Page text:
How A Pro-Trump Chant Unintentionally Boosted A Black Boy’s Confidence

While Brandon Brown was being interviewed after his first NASCAR career win last October, the crowd at Talladega Superspeedway was loudly chanting “F–k Joe Biden,” and the reporter mistakenly told him that the fans were instead cheering, “Let’s go, Brandon.”

It marked the beginning of how Brown “unwittingly became entangled” and embroiled in a “culture war he never asked to be part of,” as the phrase became a rallying cry in addition to being synonymous with insulting President Joe Biden.

However, according to CNN, the phrase is now garnering new meaning thanks to a recent trip to Houston for an 8-year-old named Brandon Brundidge. The young boy started to see “Let’s go, Brandon” signs everywhere. He “believed the signs were meant to encourage him. He consequently started trying activities he’d never attempted before, such as learning to swim and removing the training wheels from his bicycle.”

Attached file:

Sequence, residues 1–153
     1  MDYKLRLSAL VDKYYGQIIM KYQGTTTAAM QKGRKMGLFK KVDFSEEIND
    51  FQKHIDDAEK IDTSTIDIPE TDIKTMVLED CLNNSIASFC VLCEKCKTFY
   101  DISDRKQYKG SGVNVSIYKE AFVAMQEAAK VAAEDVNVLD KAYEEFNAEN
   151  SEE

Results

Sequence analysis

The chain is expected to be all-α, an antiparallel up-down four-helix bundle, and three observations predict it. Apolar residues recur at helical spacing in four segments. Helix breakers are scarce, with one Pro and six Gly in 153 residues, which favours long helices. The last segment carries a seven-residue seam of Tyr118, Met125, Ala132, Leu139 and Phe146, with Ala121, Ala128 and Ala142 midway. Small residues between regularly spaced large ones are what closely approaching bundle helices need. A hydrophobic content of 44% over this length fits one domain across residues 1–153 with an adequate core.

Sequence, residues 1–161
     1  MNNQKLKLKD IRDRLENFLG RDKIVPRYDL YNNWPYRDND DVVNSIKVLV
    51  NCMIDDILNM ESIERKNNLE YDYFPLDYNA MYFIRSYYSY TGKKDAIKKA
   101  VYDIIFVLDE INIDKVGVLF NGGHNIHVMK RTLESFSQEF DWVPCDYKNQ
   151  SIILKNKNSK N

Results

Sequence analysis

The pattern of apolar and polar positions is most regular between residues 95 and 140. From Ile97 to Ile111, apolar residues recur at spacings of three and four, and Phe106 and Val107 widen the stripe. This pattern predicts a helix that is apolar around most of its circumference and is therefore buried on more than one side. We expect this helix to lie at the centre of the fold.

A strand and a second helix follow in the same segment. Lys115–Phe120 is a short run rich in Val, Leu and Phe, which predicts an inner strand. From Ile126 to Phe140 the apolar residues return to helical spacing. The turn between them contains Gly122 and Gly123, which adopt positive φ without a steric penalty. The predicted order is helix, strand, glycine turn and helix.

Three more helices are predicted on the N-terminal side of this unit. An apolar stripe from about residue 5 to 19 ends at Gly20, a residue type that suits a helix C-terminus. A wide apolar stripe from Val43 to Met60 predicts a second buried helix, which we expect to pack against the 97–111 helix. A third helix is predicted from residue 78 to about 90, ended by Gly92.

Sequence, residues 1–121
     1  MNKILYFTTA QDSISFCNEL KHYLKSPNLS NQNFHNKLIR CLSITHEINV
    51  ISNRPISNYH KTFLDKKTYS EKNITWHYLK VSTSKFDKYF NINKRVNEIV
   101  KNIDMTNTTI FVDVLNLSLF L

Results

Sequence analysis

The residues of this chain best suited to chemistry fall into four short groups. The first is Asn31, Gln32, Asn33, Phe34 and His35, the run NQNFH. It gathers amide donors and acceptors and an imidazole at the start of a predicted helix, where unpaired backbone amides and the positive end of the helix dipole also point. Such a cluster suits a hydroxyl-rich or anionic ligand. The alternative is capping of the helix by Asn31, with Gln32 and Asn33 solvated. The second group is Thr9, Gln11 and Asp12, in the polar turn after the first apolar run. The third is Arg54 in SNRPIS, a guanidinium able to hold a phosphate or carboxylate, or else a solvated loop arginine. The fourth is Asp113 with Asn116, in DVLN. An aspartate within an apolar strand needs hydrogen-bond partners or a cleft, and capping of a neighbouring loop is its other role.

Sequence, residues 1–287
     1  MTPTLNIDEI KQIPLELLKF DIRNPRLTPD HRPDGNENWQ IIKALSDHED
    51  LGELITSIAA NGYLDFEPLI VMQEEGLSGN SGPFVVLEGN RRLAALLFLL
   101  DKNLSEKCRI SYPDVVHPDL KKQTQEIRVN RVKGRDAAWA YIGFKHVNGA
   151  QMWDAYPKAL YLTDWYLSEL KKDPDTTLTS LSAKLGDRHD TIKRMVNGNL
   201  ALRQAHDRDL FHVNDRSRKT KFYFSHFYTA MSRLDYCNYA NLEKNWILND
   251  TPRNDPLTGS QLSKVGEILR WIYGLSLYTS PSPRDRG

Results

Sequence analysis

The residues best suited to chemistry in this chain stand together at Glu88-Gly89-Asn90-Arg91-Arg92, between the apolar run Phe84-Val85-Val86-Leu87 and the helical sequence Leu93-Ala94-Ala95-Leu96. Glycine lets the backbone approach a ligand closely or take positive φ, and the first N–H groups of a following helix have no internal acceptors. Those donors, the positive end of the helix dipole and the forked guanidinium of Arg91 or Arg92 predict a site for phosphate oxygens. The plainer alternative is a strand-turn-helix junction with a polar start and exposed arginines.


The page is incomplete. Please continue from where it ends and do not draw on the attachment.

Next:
This prompted his mother, Sheletta Brundidge, to write a children’s book entitled “Brandon Spots His Sign.”A mother of four children, three of whom have autism, Sheletta has written books that focus on each of her children and has described how her son Brandon suffered from social anxiety. But, she saw a marked change after her son saw the ‘Let’s go, Brandon’ signs and assumed people were cheering him on. He suddenly had a whole new attitude and wasn’t nearly as shy about trying new things.”

Sheletta’s book caught the attention of President Joe Biden in addition to the NASCAR driver who unwittingly helped to originate the phrase. The President wrote a letter of admiration, and Brown invited the family out to the Xfinity Series race and “even had the cover of Brundidge’s book splashed across the hood of his Camaro.”

Brown is excited about changing the narrative—”To have this come though was like that breakthrough moment for us…This can be positive. This can be good. It doesn’t have to be hateful or divisive.”

This meeting wasn’t simply a one-time thing for Brown that stopped after the race, who “calls or texts [Brandon Brundidge] all the time to talk about Minecraft or just check up on him.” Sheletta relays how this has been an enormous confidence booster for her son.

“I have seen his confidence go through the roof…Kids with autism are so often chosen last or left out. A lot of times, it’s because other children just don’t understand why they do what they do…You just have to pray for a good support system and for love…And Brandon Brown has loved my child. He has put a spotlight on children with autism for the whole world to see.”